When marbling a layered soap, utilization of any marbled layer leftovers in the solid or subsequent layers, is not only time and cost effective, it also insures that the marbled layer and solid layer will color-compliment one another.  I also encourage the use of a carefully chosen, contrasting solid layer color.  As with most of the techniques illustrated, the combinations and possibilities are limitless.


All three soaps above are examples of remnant marbling, but there are differences that should be noted:  the first soap (left) is composed of miscellaneous remnants ( as described on the previous page) that were leftovers from other soaps.  These leftovers were not labeled for color or fragrance, so the soap is truly random remnant marbling.

The second, middle soap was made from color cubes pictured on page 2 (click here to see the color cube tray again):  cubes B, D, L and P were used (1 drop yellow, 2 drops seafoam, 2 drops lilac and 2 drops purple liquid colorant respectively).  As they were color cubes, no fragrance had been added.  When remnant marbling from color cubes, keep in mind that you can't blend fragrance without over-blending the color cubes.  Therefore, I melted only the yellow cube and added the full amount of Mulberry fragrance oil.  i then cut the remaining cubes into smaller pieces and microwaved to melt.  With virtually no additional stirring, the soap was poured into the mold, sprayed with alcohol and freezer set before unmolding.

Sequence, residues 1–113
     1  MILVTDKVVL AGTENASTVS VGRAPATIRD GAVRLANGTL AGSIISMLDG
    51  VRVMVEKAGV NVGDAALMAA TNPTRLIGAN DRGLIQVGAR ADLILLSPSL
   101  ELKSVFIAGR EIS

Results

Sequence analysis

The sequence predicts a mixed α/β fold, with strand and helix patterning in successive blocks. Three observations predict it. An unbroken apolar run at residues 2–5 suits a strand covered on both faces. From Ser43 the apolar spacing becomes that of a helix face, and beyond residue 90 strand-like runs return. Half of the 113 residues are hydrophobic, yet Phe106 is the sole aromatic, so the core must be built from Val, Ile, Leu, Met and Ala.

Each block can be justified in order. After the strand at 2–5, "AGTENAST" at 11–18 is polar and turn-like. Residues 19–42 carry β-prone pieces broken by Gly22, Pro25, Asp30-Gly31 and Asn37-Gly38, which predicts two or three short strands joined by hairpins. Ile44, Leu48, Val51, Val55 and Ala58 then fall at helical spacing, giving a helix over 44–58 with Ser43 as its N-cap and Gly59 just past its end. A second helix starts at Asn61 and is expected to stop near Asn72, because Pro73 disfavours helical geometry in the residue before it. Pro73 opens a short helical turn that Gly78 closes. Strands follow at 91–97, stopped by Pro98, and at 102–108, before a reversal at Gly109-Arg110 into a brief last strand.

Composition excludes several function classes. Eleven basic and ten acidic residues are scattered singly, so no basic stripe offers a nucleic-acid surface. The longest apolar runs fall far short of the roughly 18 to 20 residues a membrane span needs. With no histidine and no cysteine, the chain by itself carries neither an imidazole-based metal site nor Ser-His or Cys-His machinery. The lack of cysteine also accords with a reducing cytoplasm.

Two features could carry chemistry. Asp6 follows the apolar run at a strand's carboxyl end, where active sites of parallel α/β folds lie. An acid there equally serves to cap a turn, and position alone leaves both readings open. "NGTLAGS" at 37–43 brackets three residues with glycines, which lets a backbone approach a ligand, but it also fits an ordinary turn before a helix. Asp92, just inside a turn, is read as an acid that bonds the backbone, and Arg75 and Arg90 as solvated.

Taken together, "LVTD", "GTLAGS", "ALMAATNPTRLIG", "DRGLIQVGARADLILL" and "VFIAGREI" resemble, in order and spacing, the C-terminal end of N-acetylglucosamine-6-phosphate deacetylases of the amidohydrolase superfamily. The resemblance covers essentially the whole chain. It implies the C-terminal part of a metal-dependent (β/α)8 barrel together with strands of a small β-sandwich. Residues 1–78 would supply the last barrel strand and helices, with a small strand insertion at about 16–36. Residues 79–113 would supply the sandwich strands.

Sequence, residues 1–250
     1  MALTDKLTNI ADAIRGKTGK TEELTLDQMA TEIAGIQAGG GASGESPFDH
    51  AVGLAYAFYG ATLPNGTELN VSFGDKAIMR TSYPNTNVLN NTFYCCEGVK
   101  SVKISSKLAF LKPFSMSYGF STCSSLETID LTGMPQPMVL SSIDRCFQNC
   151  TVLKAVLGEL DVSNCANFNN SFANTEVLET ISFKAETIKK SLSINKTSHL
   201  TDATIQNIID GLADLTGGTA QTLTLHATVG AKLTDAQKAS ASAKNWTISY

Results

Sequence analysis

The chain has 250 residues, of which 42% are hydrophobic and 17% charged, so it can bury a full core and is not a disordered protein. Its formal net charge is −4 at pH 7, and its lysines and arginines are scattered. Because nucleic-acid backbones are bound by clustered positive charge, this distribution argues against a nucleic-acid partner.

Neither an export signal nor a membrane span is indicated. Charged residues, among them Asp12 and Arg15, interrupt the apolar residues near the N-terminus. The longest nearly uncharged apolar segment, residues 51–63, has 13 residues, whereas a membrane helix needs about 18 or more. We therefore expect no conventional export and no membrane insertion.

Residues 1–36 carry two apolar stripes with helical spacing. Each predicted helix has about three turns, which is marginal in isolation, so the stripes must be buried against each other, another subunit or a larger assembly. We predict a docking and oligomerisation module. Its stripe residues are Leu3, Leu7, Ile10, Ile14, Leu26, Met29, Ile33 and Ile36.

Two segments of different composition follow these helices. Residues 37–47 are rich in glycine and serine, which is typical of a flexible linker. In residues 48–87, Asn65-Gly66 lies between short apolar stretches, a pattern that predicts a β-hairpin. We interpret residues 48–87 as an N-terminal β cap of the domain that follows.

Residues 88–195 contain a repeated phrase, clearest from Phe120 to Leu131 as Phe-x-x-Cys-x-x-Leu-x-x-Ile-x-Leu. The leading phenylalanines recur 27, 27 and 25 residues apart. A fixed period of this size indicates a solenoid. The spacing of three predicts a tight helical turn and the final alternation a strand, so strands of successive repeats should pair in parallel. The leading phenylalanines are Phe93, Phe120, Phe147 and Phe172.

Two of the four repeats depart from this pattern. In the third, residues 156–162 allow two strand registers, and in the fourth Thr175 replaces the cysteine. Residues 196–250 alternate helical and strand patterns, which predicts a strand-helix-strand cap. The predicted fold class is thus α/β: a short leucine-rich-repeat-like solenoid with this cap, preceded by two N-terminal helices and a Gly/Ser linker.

​The third remnant marbled soap (on the right, above) was made from leftovers from the layered Cherry, Lime and Blueberry bars.  I melted the Lime (green) soap first and added a little soap glitter, blending it into the green before adding in the Cherry and Blueberry leftovers.  There are a couple of things to note from the remnant soaps:

If you are remnant marbling, ANY thing you want added to the soap can only be added to one color to avoid over-blending all of the colors.  Once the fragrance, glitter, etc. has been added to the first color, you can add the remaining remnants and microwave together.

If you look at the center, Mulberry, soap, you will clearly see the circular pattern of the marbling.  As was previously mentioned, you can sometimes control or affect the directionality of the marbling with the pattern of your pour.